Some weeks ago, we wrote about Holy Week and in this post, we want to tell you about The Seville Fair. The Fair takes place two weeks after Holy Week. April is probably the best month to visit this city not only because the weather is perfect but also because one of the most famous celebrations in this city takes place with thousands of tourists.
In this post we want to talk about the origins, show you a map, give you some advice, tell you about the app you have to download if you don’t want to get lost and teach you some words you have to learn before visiting the fair.
The origins of Seville’s Spring Fair or Feria de Abril was originally organised as a livestock fair by two councilors. Queen Isabel II accepted the idea and the first fair took place in 1847. It was originally conceived as a livestock market but during the 1920s, the fair reached its peak and became the spectacle that it is today.
The fair officially begins at midnight on Monday, and runs for six days, ending on the following Sunday but before explaining more about the fair, we want to teach you some words that are essential to enjoying this celebration.
“El Real de la Feria” is the place where the fair is celebrated which is in the district of Los Remedios. It has a total area of 275,000 m² with a total of 15 streets.
“El alumbrao” is the first night of the fair when they turn on all the lights at 12.00 pm and it is also known as “El Pescaíto” (The Fish Day) because it’s the typical dish for that night.
“La portada” is the entrance which is a structure made with panels of painted wood and covered with thousands of bulbs. Each year is different and dedicated to an architectural icon, a landmark or a Seville concept.
“El vestido de flamenca” and also known as “vestido de gitana” is the popular dress of flamenco. They’re really colourful dresses with two or three frills and poka dots.
“Las casetas” are the little houses which are used as meeting points for friends and relatives. These “casetas” usually belong to prominent families of Seville, groups of friends, clubs, trade associations and political parties. People drink wine, beer and “rebujito”, eat “ tapas”, sing flamenco and dance in the casetas. Although the vast majority of them are private, you can find other public ones with free entry.
The Seville Fair is considered a small city in itself with its own streets named after famous bullfighters. Here you have a map but we think that the best idea to avoid getting lost in the fair, is to download the app: Feria Sevilla 2015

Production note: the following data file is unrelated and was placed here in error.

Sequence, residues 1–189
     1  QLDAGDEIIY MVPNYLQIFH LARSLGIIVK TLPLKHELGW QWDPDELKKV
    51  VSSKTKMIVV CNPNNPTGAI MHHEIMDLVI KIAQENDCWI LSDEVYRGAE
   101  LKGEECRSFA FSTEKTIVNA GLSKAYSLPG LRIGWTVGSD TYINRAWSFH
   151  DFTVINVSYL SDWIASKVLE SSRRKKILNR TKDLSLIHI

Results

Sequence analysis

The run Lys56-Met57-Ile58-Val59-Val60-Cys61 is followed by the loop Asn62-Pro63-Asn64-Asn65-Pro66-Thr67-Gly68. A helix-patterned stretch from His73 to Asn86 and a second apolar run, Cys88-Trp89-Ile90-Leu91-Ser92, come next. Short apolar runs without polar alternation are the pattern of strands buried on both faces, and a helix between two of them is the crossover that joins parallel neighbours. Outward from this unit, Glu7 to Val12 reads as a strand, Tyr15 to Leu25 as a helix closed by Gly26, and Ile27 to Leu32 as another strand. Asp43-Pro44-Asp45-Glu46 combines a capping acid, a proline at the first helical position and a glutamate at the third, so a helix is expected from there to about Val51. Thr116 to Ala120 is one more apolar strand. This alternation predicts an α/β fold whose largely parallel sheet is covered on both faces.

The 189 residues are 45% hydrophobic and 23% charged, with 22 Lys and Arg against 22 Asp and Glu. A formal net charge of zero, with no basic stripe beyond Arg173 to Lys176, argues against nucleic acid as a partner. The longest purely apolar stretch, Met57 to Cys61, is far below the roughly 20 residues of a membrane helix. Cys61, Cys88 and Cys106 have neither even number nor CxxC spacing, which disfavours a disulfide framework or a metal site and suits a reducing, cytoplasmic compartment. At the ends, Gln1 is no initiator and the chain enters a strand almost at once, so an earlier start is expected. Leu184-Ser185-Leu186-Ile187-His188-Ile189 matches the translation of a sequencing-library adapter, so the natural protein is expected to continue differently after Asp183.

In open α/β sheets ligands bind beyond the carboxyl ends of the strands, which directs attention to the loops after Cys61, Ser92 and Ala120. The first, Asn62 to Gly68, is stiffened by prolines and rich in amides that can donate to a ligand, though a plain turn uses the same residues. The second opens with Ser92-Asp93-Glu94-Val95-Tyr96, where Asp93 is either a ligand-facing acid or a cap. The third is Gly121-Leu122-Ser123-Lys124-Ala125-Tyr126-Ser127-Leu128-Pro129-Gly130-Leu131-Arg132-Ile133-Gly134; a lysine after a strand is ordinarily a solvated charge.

which is free and made by the Seville City Hall. You can also download a map via this link
Now you know a little bit more about the Fair but if it’s your first time visiting Seville you should follow some advice.
The most important is that the temperatures in Seville can be higher so we recommend that you wear light clothes, sun glasses and use sun cream before going. The ground is covered with “albero” which is a yellow soil so don’t forget to wear comfortable shoes and don’t worry if they get dirty, you can wash them easily with water.
The time is important because there are two different ways to celebrate the fair: in the morning or in the evening. In the morning, you can enjoy with a relaxing ride in a horse carriage, take pictures of thousands of flamenco dresses and eat in the “casetas”. Horses carriages are available until 8.00pm and after that, the youth take control of the Seville Fair.
Use public transport and don’t bother trying to find public parking because they’re crowded on the fair days. The underground, buses and tram operate all day and they change the timetables during the fair.
Don’t forget to buy a flower and to put it in your hair or buy a pair of flamenca earrings to give a flamenco touch to your outfit. This will help you dance the “sevillanas”, the typical flamenco dance. You can try to learn the basic steps before going with this video
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